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Airbus is restructuring its operations in the U.S. to attract Space growth and defense contracts.

Officials submit that Airbus is restructuring its operations in the U.S. to advance its position in space and intelligence markets. The chief executive and leader of the Board of Airbus U.S. Space & Defense, Christopher Emerson, reiterates that they will be establishing a new program known as Airbus U.S. Space & Defense to deal with the military, spy information, and NASA markets. Initially, Emerson served as the president of Airbus Helicopters. 

In a virtual interview with reporters, Emerson reveals that the new business unit, which is part of the Special Security Agreement with the U.S. government, puts it at a competitive position for the secretive national security and defense deals. 

The Special Security Agreement demands Airbus’ U.S. business to operate as an independent body from the interference of the parent company’s leadership in France. 

The Airbus U.S. Space & Defense business unit will have its central location in Arlington, Virginia. This project’s incumbent board of directors and advisors are retired U.S. government and senior military officials.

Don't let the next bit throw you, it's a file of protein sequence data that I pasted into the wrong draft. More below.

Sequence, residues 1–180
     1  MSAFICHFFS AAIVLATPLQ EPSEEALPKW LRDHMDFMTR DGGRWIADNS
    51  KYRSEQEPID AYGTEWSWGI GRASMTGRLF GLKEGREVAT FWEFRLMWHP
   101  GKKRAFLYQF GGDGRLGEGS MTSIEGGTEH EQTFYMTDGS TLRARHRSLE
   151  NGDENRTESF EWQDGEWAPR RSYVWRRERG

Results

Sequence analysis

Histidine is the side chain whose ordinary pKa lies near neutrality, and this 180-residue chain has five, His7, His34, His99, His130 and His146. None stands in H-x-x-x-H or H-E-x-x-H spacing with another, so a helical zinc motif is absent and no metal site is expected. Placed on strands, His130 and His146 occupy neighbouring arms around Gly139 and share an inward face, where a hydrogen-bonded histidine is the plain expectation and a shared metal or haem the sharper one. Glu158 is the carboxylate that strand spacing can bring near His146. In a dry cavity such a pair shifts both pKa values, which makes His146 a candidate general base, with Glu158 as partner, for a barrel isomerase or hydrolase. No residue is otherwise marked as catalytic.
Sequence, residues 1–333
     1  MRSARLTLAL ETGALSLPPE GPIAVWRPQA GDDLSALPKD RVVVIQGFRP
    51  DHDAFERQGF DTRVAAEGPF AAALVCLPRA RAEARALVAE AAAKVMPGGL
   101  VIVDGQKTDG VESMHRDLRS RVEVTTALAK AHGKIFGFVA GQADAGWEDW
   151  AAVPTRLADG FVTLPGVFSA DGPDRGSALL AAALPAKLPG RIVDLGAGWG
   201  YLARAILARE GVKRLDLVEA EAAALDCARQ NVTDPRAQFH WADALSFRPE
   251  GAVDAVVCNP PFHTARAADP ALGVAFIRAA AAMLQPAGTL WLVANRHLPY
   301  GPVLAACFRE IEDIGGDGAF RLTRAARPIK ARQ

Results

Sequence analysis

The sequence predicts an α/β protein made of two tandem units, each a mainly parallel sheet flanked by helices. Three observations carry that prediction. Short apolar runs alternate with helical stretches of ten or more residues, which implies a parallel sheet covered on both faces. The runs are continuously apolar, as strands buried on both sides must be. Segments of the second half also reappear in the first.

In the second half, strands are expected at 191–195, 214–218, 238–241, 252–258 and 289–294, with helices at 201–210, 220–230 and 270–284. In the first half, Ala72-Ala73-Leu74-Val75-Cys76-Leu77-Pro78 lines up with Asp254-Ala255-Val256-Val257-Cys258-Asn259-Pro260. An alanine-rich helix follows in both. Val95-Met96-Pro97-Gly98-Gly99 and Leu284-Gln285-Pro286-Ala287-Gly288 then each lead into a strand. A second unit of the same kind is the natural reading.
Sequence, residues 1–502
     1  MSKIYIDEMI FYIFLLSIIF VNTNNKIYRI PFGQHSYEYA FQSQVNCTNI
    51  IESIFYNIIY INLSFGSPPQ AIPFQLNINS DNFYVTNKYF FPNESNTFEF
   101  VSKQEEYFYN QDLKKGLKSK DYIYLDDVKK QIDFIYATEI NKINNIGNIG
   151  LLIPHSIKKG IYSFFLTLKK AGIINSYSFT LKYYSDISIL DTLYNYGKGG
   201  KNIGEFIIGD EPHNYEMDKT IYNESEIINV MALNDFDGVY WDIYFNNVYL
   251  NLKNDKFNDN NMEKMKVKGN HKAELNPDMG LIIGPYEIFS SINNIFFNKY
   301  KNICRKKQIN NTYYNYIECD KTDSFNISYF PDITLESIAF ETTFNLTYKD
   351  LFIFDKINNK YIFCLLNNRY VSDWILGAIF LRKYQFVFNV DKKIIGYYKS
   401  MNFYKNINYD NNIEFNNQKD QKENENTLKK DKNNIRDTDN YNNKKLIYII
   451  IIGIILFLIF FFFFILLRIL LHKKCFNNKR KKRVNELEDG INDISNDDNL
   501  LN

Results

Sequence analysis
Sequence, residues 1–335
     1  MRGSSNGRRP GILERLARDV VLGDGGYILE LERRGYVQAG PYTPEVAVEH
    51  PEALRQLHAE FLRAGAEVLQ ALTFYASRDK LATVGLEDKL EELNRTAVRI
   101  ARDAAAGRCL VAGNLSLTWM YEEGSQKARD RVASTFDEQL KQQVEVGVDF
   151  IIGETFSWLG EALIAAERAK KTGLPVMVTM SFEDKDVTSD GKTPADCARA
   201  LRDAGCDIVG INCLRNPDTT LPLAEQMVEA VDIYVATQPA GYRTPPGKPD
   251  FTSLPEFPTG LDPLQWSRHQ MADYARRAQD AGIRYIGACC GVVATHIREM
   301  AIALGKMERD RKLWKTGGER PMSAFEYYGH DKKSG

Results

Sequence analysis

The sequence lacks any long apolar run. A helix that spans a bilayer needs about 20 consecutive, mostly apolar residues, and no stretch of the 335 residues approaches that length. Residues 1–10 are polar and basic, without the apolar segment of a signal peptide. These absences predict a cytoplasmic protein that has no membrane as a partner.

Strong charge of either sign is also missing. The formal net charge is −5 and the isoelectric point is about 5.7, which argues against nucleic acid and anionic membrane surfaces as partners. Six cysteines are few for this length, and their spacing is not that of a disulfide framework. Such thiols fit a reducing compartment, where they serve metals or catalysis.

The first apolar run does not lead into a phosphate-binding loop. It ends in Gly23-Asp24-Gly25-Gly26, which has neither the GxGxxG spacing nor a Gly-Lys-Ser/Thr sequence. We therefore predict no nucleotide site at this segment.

Emerson explains the financial turmoil due to the coronavirus pandemic on the Airbus commercial business. The restructuring of the firm’s U.S. business focuses on realigning the Airbus’ commercially designed technology to the national market. The prime markets for this business unit are satellites, military aircraft, and geospatial intelligence. 

Some of the new appointments in this project are Didier Cormary as the head of Airbus U.S. Connected Intelligence, Debra Faktor as the chief of Airbus U.S. Space, and Jose Antonio de la Fuente as the lead for the Airbus U.S. Military Aircraft. 

Airbus and OneWeb jointly agreed to form OneWeb Satellites for the construction of numerous satellites for the OneWeb constellation in 2016. 

Emerson explains that the current OneWeb regulations on bankruptcy and the sale of OneWeb to the U.K. government are unable to alter Airbus’s plan for the manufacturing of satellites to proceed at the company’s production center in Florida. He expounds that the Florida facility is the road towards the expansion of the unit in the U.S. 

Emerson extrapolates that the plant will resume the manufacturing of satellites for OneWeb under the new management. Airbus is also targeting new customers for its low-priced commercial satellites. 

Emerson further highlights that they are motivating their technical team to redesign the OneWeb satellite bus for use by diverse customers in the U.S. Their firm, Airbus, is spreading the supply chain through the American soil. This move is so that the intelligence agencies, the U.S. Defense Department, and NASA can purchase its satellites. 

Finally, Airbus U.S. Space Facktor outlines that the company is witnessing a surge in need for the low-Earth orbit satellites in the U.S. government. She explains that they are investing in the factory in Florida to capture this market.